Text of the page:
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EuLisp

EuLisp

EuLisp gives programmers the ability to define their own error handlers. The default error handler used by the interactive interpreter displays a description of the error and starts the debug loop.

There are several types of function in EuLisp.—and + are both procedures, cons is a subroutine and there are generic functions as well. The differences between these types are minimal. The type of a function can be found by entering it at the interactive prompt:

> +
#<Procedure +>
> cons
#<Subr cons>
>

Modules are a way of structuring programs as independant chunks. These stand alone parts can then be used to construct much larger programs, which is a key principle of software engineering. The default module used within the interactive interpreter is “user”—hence the following error message:

> blah
Continuable error---calling default handler:
Condition class is #<class unbound-error>
message:        "variable unbound in module 'user'"
value:          blah

Debug loop.  Type help: for help
Broken at #<Code #1273d8>

Lists and symbols need to be quoted in order to be processed as data. Number, strings, floating point numbers etc all evaluate as themselves. Note that '3 evaluates as the number 3 and not as a symbol—som Lisp versions do allow symbols like this but most do not.

You can force symbols with pipes: |3|, |a symbol with a space| but doing so is generally considered bad practise and should be aboided.

Characters in EuLisp look like this: #\h (for the character ’h’). #\newline is a newline. The string-ref function returns a single character from a string:

> (string-ref "hello" 1)
#\e
>

Vectors

A vector is essentially a fixed-length list. While normal lists in Lisp are dynamic and can be spread about throughout system memory, vectors stay in a fixed section of memory and are stored together. This makes vectors far more efficient when it comes to indexing operations, which have to be performed recursively on lists. A vector looks like this: #(1 2 3). The vector-ref function can be used to retrieve an element from a vector:

> (vector-ref #(a b c) 2)
c
>

The vector-length function returns the length of a vector, while the string-length function does the same for a string:

> (vector-length #(1 a c f))
4
> (string-length "hi there")
8
>

Vectors can be created in several different ways. The make-vector function creates a vector of a specified length, and can optionally be provided with a value to pre-populate the vector fields with.

> (make-vector 4)
#(() () () ())
> (make-vector 3 'a)
#(a a a)
> (vector 1 2 3 'a 'b 'c)
#(1 2 3 a b c)
>

We can add items to a vector in a specific position using (setter vector-ref). This is our first example of a function that returns a function:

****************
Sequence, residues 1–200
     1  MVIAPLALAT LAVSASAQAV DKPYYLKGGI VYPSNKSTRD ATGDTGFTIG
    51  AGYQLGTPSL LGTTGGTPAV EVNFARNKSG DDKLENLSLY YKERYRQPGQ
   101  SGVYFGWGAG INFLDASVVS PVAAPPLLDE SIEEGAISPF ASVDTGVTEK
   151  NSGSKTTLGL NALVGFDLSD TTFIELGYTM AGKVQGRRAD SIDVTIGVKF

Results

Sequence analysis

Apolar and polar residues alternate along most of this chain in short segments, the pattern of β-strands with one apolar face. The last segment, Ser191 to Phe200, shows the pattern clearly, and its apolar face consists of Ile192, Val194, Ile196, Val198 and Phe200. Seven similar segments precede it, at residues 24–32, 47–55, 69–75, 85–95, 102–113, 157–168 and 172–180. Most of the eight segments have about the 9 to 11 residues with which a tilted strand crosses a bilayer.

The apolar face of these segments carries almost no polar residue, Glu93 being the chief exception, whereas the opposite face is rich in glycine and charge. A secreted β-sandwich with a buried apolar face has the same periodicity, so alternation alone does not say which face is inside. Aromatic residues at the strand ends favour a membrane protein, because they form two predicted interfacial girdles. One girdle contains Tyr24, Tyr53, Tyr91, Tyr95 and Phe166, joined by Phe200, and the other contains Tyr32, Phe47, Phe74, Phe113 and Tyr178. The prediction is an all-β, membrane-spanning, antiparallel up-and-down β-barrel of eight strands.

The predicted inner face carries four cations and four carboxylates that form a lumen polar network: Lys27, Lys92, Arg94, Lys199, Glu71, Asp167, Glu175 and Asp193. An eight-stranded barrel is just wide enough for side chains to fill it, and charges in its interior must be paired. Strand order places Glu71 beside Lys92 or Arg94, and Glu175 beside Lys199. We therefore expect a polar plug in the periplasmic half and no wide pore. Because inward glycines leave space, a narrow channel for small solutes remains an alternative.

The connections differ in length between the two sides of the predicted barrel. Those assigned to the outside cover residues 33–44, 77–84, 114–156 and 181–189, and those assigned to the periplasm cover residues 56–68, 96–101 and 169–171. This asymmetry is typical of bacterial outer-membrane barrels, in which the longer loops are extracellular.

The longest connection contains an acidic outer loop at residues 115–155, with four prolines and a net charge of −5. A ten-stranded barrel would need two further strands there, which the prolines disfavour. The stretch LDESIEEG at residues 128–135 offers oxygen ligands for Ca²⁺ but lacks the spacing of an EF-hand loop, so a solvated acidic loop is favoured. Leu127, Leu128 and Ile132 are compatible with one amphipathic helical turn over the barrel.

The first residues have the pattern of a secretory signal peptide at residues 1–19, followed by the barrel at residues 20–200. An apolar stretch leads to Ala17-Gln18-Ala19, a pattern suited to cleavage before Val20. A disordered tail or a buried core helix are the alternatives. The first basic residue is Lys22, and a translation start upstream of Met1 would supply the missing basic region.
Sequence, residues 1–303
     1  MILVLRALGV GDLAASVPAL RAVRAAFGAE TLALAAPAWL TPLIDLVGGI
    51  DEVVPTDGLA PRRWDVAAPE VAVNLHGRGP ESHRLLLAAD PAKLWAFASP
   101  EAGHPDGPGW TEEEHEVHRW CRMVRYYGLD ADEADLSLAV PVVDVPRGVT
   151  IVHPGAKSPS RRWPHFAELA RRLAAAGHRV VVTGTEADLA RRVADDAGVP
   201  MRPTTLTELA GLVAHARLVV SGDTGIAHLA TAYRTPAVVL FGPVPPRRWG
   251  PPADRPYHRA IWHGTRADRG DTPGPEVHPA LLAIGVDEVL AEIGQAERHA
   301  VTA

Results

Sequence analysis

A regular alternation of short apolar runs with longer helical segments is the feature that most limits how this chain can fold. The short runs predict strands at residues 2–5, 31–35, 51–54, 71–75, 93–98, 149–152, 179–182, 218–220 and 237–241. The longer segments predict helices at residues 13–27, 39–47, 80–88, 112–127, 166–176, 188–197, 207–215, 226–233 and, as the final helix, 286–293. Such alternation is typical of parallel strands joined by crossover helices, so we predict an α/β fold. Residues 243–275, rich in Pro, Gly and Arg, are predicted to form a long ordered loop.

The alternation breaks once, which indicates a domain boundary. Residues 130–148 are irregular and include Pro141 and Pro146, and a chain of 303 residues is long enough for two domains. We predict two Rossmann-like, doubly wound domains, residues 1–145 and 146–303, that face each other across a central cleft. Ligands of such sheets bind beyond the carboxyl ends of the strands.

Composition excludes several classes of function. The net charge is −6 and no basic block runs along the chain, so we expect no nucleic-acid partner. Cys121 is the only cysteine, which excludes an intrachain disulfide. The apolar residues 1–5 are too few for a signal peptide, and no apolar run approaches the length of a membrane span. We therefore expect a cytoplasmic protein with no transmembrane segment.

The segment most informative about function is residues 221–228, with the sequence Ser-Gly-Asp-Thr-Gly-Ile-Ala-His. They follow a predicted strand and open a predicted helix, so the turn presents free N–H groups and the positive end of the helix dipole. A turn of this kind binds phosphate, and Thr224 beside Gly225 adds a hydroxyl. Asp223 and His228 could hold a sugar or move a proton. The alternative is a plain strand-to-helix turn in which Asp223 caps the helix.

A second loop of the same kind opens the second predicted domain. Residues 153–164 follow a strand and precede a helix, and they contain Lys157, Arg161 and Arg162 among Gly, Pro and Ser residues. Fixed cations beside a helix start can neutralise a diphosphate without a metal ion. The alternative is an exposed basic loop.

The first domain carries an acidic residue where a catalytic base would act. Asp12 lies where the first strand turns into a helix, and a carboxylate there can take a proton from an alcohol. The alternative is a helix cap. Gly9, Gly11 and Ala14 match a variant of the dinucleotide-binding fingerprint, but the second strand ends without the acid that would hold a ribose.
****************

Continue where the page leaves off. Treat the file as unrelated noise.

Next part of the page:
> ((setter vector-ref) #(1 2 3) 0 'a)
a
>

The statement returns a because it is the last value evaluated in the expression. The vector has been changed, but we can not see the effect as the vector itself is not returned.

EuLisp also has a data structure called table, which is a very useful hash table implementation. Any object can be used as a key for any other object stored in a table.

Expressions

In Lisp, every expression returns a value. For example, if is used in the following way:

> (if (< 1 2) 2 3)
2
>

The if expression evaluates the first argument as a boolean and returns the corresponding argument (arg2 if the result is true, arg3 if it is false). There is a slight exception to normal Lisp in that the statement will only evaluate the argument it is going to return. This is an example of a special form. If this were not the case the following code would display both “hello” and “bye”:

> (if (< 1 2) (print "hello") (print "bye"))
hello
"hello"
>

Hello is displayed twice. The first hello is the result of the print statement; the second “hello” is the value returned by the overall expression. This is an interesting demonstration of how the print function acts somewhat like the identity function—it returns its arguments unchanged.

> (if (if (= 1 2) #t #f) 4 5)
5
>

The above code is an example of a nested if statement, and also demonstrates two constants used in Lisp (although constants begin with a # they should not be confused with vectors). #t means true and #f means false. #f is actually a variable containing (), the empty list (also known as ’nil’). In Lisp the only thing that evaluates as false is the empty list—even 0 evaluates as true, which can be a gotcha to new programmers.

> (if 1 2 3)
2
> (if #t 2 3)
2
> (if 0 2 3)
2
> (= 1 2)
()
>

Useful Functions

The member function returns the rest of a list after the first occurrence of the specified value:

> (member 1 '(2 3 4 1 2))
(1 2)
> (member 2 '(2 3 4 1 2))
(2 3 4 1 2)
>

map takes a function and applies it to every element in a list:

> (map - '(1 2 3))
(-1 -2 -3)
> (map print '(1 2 3))
1
2
3
(1 2 3)
> (map list '(1 2 3) '(a b c))
((1 a) (2 b) (3 c))
> (map list #(1 2 3) '(a s d f))
#((1 a) (2 s) (3 d))
> 

Note that map returns a newly created list—it does not modify the original list.

This is EuLisp by Simon Willison, posted on 3rd October 2002.

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Previously hosted at http://simon.incutio.com/archive/2002/10/03/euLisp